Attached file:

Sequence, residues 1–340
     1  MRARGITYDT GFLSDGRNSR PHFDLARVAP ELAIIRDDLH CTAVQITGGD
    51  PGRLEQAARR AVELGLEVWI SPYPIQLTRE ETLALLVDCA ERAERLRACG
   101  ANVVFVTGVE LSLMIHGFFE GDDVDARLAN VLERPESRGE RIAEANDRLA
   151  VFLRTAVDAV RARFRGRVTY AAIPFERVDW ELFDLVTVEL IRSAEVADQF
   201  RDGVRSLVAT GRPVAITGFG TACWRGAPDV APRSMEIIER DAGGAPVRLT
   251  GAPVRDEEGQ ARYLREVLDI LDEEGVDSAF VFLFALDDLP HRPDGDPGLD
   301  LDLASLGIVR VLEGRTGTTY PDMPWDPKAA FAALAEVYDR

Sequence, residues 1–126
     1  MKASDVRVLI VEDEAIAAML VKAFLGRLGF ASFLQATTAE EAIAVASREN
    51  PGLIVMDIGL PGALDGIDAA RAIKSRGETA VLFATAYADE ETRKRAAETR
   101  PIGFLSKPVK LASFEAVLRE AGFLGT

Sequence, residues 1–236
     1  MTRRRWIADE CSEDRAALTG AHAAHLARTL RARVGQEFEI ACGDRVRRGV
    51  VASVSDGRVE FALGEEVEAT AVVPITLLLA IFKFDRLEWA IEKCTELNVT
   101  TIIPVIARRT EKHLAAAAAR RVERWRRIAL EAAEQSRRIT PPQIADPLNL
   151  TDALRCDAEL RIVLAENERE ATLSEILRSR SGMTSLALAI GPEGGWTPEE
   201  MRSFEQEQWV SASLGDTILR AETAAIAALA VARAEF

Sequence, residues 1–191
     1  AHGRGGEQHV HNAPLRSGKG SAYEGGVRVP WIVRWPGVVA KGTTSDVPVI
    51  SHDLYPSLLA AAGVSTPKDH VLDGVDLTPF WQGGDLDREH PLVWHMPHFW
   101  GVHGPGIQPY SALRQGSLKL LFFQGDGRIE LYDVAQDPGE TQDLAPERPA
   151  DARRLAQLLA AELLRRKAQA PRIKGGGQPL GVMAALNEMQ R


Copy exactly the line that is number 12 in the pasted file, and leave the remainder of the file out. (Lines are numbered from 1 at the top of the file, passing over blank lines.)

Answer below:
   101  PIGFLSKPVK LASFEAVLRE AGFLGT